provided by the natural layered material kaolin (Fig. 11)
[111]. The mesoporous SAPO-34 catalyst showed sig-
nificant enhancement of catalytic activity and selectivity in
the MTO reaction. Interestingly, a supported SAPO-34
catalyst with an average size of 60 μm was synthesized by
a hydrothermal method on fully calcined kaolin micro-
spheres pretreated with 4 wt-% NaOH solution [112]. This
new SAPO-34 catalyst remained the pretreated CKMs
structure and had high microporous volume (0.27 m
and mesoporous volume (0.30 cm
) with mesopores of
15.8 nm, and thereby exhibited excellent catalytic perfor-
mance with 100% methanol conversion, 90% light olefins
selectivity, a long catalyst life, and strong mechanical
stability at 450°C.
3.8 Methanol to hydrocarbons and methanol to gasoline
Methanol to hydrocarbons (MTH) reaction plays an
important role in the conversion of biomass, coal, natural
gas, and CO
to liquid hydrocarbon fuels, which can be
tuned into production of gasoline-rich (methanol to
Fig. 8 Stability and selectivity in methanol dehydration over ZSM-5 and ZSM-5/MCM-41 composite alkali-treated by NaOH solution
1.5 mol/L. Reproduced by permission of Ref. [108]. (Copyright 2012 Elsevier)
Jie ZHU et al. Mesoporous zeolites for oil refining and natural gas conversion 241
gasoline, MTG) or olefin-rich (methanol to olefins, MTO)
product mixtures by proper choice of catalyst and reaction
conditions [113]. Very importantly, mesoporous zeolites
showed an increased catalyst life in MTH or MTG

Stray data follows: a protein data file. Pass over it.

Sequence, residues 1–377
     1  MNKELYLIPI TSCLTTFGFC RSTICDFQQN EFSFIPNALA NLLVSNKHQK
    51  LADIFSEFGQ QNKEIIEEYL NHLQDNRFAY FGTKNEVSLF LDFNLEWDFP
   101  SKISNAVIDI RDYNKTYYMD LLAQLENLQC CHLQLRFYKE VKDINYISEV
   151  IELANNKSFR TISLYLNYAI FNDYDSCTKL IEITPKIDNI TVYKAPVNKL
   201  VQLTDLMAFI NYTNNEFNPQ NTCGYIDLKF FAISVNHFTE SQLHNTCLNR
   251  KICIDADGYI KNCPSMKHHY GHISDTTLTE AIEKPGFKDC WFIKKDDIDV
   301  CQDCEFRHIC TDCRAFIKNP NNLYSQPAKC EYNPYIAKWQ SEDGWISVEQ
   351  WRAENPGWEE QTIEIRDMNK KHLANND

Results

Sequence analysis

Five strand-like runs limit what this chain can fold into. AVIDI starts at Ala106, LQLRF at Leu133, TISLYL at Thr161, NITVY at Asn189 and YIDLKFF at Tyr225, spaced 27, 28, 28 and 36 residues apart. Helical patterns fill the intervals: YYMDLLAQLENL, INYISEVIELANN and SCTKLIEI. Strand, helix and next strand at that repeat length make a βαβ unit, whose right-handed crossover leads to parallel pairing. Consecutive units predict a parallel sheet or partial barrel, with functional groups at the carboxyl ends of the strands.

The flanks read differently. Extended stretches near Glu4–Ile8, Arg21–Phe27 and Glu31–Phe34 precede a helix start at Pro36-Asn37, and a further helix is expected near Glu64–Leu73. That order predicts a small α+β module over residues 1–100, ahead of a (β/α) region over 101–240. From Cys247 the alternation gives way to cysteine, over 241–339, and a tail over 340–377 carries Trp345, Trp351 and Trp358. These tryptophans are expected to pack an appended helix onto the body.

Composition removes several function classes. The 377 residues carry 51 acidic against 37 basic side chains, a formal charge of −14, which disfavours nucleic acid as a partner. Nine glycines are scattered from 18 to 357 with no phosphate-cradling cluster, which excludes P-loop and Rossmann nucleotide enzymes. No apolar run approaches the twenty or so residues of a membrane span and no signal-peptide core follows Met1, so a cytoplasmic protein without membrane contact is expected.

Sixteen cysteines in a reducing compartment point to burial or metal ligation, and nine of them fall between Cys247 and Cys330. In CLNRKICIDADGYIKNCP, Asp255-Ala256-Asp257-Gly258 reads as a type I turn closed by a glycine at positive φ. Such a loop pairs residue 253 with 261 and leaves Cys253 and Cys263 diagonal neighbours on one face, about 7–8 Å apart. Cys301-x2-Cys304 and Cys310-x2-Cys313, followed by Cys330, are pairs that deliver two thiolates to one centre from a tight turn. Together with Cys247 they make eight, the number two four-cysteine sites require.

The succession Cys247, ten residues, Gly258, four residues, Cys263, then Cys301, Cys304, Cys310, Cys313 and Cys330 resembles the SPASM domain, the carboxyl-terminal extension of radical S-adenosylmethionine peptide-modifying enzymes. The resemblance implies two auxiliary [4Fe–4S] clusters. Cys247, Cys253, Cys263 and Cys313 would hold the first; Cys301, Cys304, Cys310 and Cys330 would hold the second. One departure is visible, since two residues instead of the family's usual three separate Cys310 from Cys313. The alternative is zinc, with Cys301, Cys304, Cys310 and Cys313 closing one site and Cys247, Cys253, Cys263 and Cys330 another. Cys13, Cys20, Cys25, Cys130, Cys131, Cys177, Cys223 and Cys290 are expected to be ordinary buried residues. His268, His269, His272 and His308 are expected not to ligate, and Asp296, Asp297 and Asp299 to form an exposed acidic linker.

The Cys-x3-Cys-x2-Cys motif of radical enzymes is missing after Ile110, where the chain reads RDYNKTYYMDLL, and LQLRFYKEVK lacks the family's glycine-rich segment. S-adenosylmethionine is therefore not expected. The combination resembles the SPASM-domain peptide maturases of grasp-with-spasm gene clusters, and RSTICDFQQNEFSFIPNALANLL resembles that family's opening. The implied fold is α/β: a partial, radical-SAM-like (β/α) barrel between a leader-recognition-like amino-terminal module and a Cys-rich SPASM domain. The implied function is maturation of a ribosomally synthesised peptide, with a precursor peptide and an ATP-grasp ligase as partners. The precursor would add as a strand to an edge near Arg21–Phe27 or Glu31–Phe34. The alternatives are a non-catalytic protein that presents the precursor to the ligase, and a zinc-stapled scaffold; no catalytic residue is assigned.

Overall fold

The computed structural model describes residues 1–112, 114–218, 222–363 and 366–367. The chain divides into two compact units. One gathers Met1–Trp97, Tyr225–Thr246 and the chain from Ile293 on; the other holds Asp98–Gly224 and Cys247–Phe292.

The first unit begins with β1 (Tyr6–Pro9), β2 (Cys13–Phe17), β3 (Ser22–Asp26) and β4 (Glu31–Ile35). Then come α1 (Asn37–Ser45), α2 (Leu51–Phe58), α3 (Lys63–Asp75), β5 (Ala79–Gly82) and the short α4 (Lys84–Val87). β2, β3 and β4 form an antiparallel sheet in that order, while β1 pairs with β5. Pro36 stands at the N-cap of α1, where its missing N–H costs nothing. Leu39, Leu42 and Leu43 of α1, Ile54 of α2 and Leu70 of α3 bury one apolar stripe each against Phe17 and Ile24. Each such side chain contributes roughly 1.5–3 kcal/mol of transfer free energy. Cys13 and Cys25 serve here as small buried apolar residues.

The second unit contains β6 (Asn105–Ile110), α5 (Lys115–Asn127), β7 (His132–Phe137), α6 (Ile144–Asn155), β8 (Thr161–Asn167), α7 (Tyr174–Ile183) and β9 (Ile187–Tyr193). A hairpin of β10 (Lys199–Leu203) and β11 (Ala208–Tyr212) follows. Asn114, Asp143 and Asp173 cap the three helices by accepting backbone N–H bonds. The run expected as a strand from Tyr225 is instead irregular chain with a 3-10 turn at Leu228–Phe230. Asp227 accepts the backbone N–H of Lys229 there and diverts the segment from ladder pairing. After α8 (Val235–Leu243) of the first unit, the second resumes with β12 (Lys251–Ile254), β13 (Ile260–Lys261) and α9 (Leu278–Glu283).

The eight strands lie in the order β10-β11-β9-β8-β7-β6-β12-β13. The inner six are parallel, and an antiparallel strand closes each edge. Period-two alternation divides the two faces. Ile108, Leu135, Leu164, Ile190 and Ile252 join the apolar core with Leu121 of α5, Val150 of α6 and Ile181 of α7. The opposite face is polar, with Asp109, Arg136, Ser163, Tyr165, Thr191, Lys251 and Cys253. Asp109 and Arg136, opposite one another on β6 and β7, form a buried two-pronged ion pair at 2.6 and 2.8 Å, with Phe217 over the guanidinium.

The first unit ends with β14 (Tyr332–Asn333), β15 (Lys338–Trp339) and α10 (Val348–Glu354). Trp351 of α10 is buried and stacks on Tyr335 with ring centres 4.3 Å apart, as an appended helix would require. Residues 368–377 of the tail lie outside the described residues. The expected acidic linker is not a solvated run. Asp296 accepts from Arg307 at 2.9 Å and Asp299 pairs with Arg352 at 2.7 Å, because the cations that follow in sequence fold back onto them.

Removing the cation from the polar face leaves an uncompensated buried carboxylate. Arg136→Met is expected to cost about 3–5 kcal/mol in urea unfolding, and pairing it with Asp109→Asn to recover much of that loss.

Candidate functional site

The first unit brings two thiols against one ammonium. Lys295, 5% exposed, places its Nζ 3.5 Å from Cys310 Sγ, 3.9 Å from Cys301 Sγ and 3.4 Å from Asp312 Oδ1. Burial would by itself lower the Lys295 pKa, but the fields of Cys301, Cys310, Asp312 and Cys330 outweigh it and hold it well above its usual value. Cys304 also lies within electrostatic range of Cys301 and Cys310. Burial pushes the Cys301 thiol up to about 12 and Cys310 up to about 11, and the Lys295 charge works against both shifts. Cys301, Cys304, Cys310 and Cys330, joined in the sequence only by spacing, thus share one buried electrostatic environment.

reactions than conventional zeolites catalyst.
Mesoporous ZSM-5 synthesized from various routes
showed an improved catalyst life in MTG and MTH,
compared to conventional ZSM-5 [64,114–121]. As a
typical example, Choi et al. [64] reported that ZSM-5
nanosheet showed equivalent initial activity, but a
significant increase in catalyst life (Fig. 12), compared to
parent ZSM-5. Recent works confirm that there are strong
correlations between the catalyst life and the external
surface area of mesoporous zeolites in MTH and MTG
reactions [116,119].
4 Summary
The strategies for creating mesoporosity in zeolite crystals
are briefly summarized. Very importantly, compared with
conventional zeolites, the mesoporous zeolites exhibit
excellent performance in oil refining and natural gas
conversion such as cracking, hydrogenation and hydro-
desulfurization of heavy oil, benzene alkylation, hydro-
isomerization, methane dehydroaromatization, methanol
dehydration to dimethyl ether, methanol to olefins, and
methanol to hydrocarbons. These phenomena are reason-
ably attributed to a fast diffusion and accessibility for
reactants and products. These features are potentially
important for applications of mesoporous zeolites in the
Fig. 9 Catalytic conversion of methanol to dimethyl ether (DME) over conventional CaA-0 (a) and mesoporous CaA-2 (b) zeolites at 400°C.
Methanol conversion was calculated by considering DME and hydrocarbons as converted products. Reproduced by permission of Ref. [109].
(Copyright 2009 American Chemical Society)
242 Front. Chem. Sci. Eng. 2013, 7(2): 233–248
Fig. 11 (a) and (b) SEM images of the hierarchical mesoporous SAPO-34 zeolite at different magnifications; (c) SAED pattern of a
horizontal mesoporous zeolite slice; (d) Nitrogen sorption isotherms and BJH pore size distribution (inset). Reproduced by permission of
Ref. [111]. (Copyright 2009 Royal Soc Chemistry)
Fig. 10 Product selectivity of mesoporous HZSM-5 by alkaline treatment as a representative catalyst for MTP reaction as a function of
time: C
, C
, C
, aromatics, C1–C4 saturated hydrocarbons, C5 and higher hydrocarbons excluding aromatics. Reaction
conditions: T = 470°C, WHSV = 1 h
, P
= 0.5 atm, H
OH = 1 ∶ 1. Reproduced by permission of Ref. [110]. (Copyright 2008
Jie ZHU et al. Mesoporous zeolites for oil refining and natural gas conversion 243